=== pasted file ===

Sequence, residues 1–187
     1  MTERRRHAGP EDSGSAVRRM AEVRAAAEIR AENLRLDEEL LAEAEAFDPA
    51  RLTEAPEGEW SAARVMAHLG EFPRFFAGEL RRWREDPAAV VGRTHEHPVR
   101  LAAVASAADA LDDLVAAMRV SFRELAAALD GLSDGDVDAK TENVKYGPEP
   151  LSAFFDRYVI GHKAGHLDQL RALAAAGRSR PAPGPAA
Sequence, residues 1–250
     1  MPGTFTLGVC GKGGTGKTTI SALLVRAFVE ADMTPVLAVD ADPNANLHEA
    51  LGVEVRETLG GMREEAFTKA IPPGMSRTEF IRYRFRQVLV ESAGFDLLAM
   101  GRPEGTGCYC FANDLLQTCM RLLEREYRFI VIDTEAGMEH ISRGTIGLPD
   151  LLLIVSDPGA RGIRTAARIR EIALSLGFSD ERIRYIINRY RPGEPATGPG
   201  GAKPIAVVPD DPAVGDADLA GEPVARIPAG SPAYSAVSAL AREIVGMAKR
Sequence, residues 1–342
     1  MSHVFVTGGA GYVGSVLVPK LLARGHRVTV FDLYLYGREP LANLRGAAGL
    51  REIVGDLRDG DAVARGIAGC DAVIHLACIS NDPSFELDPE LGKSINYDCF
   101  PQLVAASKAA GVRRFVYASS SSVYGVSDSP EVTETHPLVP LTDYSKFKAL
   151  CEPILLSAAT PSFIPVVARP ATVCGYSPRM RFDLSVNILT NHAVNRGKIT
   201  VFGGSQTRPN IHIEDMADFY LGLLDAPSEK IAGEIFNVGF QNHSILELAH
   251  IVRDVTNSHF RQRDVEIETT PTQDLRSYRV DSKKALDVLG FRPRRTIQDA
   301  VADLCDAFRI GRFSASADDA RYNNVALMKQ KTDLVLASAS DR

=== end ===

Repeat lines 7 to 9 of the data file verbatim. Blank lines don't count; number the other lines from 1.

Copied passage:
     1  MPGTFTLGVC GKGGTGKTTI SALLVRAFVE ADMTPVLAVD ADPNANLHEA
    51  LGVEVRETLG GMREEAFTKA IPPGMSRTEF IRYRFRQVLV ESAGFDLLAM
   101  GRPEGTGCYC FANDLLQTCM RLLEREYRFI VIDTEAGMEH ISRGTIGLPD